Ready Player One It was billed as a movie literally built on pop culture references, and this could make or break it for viewers. Putting aside the actual reception of the movie, RPO Without a doubt, it has the most pop culture references ever seen in a blockbuster.
Whether the audience likes the movie or not, it’s fun to flick through it Ready Player One’s incredibly dense crowd shots and battles to spot a Star Wars ship or Tracer from Supervision. However, these references rise to the top for some special reasons.
10 Now showing: Jack Slater III
Ready Player One it’s loaded with so many pop culture references that even now they are found new every time a viewer stops the movie. One of the darkest spots appears at the beginning of the first challenge, and it is a reference to a movie in a movie.
When players race through urban landscape race tracks, a movie theater has a marquee that clearly announces Jack Slater III – the fictional movie franchise that is critical to The ultimate action hero. In the universe, Jack slater stars in an airhead parody of Arnold Schwarzenegger as the eponymous cop, who is more walking stereotype than action hero.
9 Antioch’s holy hand grenade and tons of weaponry
In terms of video game logic, most Ready Player One’s The action is a first-person shooter (FPS) game, so players can see many iconic weapons from pop culture in the hands of the players. Some examples include: Aliens M14 pulse rifle, the Draft Railgun EM-1, the Krull Glaive and Robocop’s Automatic automatic nozzle 9.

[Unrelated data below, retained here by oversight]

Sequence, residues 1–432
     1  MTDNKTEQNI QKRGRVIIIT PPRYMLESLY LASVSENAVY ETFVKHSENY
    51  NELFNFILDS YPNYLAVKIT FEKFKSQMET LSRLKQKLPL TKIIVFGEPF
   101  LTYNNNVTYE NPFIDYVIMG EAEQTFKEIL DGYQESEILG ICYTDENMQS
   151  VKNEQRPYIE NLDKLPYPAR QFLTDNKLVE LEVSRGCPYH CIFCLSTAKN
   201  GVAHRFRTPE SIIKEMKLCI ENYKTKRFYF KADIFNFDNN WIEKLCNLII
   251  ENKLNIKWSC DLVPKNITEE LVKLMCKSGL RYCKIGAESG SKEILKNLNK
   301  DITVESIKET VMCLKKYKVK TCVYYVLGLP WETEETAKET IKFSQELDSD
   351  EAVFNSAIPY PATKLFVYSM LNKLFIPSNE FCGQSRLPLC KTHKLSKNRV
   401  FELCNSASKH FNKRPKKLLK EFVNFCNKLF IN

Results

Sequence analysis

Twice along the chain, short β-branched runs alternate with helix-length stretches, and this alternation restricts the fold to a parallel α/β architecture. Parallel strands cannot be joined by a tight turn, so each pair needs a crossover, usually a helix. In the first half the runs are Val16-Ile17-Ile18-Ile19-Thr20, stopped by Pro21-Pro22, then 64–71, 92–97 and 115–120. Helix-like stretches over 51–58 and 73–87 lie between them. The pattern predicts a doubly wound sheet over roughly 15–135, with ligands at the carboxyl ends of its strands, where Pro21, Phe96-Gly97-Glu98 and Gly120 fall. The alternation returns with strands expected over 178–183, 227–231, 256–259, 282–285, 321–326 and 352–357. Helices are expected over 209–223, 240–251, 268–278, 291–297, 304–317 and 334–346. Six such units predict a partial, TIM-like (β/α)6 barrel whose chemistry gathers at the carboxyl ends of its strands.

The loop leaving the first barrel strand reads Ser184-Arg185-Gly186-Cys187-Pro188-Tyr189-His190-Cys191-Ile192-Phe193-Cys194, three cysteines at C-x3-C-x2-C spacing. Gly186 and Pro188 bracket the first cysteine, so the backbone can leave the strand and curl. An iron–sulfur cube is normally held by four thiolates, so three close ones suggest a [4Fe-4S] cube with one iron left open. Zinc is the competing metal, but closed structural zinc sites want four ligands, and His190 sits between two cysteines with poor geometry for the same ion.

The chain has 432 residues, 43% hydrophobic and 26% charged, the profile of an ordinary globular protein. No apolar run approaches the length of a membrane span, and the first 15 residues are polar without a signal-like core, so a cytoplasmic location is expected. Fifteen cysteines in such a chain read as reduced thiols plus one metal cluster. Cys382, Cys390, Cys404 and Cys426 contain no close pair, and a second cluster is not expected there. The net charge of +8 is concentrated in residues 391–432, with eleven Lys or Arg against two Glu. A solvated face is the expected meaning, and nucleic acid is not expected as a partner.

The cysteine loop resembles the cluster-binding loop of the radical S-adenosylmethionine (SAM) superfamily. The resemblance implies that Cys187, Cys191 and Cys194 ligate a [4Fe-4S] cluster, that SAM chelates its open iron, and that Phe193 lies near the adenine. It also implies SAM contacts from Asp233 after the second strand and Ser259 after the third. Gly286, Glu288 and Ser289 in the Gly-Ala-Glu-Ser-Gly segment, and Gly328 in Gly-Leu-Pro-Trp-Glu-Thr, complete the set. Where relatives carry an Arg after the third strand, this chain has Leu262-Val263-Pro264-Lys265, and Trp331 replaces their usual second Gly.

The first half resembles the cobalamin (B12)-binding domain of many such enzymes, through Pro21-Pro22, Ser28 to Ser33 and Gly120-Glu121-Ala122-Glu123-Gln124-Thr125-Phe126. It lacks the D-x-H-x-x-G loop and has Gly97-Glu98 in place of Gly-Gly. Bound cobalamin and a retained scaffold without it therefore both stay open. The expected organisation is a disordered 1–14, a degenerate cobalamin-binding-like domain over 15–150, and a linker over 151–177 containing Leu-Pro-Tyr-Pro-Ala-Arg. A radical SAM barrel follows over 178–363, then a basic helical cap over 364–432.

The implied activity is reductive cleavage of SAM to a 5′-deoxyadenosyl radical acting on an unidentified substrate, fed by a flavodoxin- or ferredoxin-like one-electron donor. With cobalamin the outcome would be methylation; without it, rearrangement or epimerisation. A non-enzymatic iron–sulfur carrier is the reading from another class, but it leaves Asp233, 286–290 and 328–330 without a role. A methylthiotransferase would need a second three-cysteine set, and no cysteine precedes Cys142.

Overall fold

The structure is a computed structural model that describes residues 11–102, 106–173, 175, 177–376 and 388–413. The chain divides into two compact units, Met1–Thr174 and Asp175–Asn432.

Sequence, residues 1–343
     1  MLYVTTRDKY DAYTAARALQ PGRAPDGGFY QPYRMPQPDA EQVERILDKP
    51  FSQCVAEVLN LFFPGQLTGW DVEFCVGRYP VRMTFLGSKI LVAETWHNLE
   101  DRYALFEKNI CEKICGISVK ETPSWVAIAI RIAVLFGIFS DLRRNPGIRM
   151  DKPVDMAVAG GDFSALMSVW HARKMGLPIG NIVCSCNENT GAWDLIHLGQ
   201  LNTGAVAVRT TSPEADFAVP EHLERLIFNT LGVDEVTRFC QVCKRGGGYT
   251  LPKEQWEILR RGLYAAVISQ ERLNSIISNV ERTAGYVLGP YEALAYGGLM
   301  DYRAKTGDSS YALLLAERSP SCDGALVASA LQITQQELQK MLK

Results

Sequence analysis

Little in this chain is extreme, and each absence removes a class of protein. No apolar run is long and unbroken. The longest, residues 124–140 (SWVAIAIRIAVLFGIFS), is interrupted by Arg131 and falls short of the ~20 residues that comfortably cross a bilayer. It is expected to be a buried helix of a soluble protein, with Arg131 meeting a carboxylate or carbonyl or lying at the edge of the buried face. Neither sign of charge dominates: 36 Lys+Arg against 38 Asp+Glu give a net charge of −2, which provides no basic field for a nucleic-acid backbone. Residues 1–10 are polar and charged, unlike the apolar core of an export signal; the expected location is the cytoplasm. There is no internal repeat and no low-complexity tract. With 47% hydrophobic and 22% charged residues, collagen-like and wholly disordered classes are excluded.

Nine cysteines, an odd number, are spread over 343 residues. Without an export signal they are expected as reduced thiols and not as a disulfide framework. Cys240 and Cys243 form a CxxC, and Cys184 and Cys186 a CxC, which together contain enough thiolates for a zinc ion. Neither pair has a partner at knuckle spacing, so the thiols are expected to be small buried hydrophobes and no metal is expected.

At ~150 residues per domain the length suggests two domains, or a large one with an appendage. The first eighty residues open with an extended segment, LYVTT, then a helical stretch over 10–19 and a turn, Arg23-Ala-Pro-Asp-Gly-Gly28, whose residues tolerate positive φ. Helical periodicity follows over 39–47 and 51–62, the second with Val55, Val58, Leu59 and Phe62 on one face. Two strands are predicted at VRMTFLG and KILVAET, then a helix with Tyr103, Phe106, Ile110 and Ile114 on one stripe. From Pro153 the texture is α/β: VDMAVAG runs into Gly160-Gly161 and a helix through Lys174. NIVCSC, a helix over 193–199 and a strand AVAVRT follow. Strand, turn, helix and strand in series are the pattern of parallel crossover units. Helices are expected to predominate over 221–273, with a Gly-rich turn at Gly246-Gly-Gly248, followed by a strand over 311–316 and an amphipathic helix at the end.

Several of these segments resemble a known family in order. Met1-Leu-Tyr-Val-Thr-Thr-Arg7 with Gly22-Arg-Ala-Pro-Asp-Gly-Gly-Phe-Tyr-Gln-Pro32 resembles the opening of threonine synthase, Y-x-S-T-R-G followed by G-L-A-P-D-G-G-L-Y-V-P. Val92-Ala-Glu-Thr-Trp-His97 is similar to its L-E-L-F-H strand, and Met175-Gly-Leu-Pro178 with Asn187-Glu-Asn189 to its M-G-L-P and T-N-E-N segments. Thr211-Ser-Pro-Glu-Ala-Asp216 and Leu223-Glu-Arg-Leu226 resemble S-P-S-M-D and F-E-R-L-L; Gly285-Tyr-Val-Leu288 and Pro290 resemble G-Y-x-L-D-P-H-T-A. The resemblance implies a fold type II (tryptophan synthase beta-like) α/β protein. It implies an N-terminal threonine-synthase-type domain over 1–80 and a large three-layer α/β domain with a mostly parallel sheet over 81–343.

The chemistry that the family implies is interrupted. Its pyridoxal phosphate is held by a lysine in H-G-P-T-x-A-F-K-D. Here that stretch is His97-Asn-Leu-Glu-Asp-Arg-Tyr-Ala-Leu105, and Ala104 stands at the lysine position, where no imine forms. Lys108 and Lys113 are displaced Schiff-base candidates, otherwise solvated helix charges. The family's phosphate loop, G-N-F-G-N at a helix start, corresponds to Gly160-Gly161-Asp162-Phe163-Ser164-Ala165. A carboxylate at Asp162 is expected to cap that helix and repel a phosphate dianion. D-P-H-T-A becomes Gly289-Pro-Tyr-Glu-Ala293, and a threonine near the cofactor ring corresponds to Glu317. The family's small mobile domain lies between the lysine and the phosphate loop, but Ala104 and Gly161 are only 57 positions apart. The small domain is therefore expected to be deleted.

The best armed reference is the Holy Hand Grenade of Antioch from Monty Python and the Holy Grail, which Parzival buys after ranking up and uses in the weather warfare. Interestingly, it is just a grenade with a wide area of effect and an ethereal sound effect; Parzival doesn’t even say a sentence or count to three like King Arthur did.
8 Chucky becomes a useful item and other horror icons
Before superheroes, horror movie monsters were arguably the most recognizable pop culture characters. This led to them getting cameos in the film, including Freddy Krueger and Jason Voorhees. Monsters from the film also appeared, such as the Alien Chestburster and the Gremlins. Meanwhile, King Kong and the Jurassic Park T-Rex serve as barricades in the opening race.
The best use of a horror movie character was Child’s play Chucky, who is not an avatar but a thrown object. In the Battle of the OASIS, Parzival throws Chucky at the Innovative Online Industries (IOI) goons and marks a streak of kills. This also leads to the movie’s F-bomb (“It’s Chucky!”), Which was masterfully deployed.
7 The DeLorean DMC-12 and more famous attractions
The cool vehicles in pop culture are practically characters unto themselves, giving the countless vehicular cameos in Ready Player One more nostalgic than even video game characters. Some classic attractions include: Cowboy bebop’s Swordfish 2, the Mad max V8 interceptor, Speed racer’s Mach 5, a Martian ship from 1953 War of the Worlds, and more.
The most prominent is Return to the future DeLorean DMC-12, which is Parzival’s primary mode of transportation and commute. While it doesn’t travel back in time or bring Doc Brown and Marty McFly in at any point, the DeLorean is one of Parzival’s most used items. Besides looking absolutely cool, it’s nice to see the DeLorean on the big screen after all these years.
6 Nolan Sorrento is the evil Superman
Unsurprisingly, Superman is referenced at least once here. The most obvious was Parzival’s Clark Kent costume, while IOI CEO Nolan Sorrento uses a poorly dressed and stylish Clark Kent as his avatar (the hair gives him away). This sounds like the perfect gateway for comments on how soulless corporations twist fictional icons for their own gain, but nothing comes of it.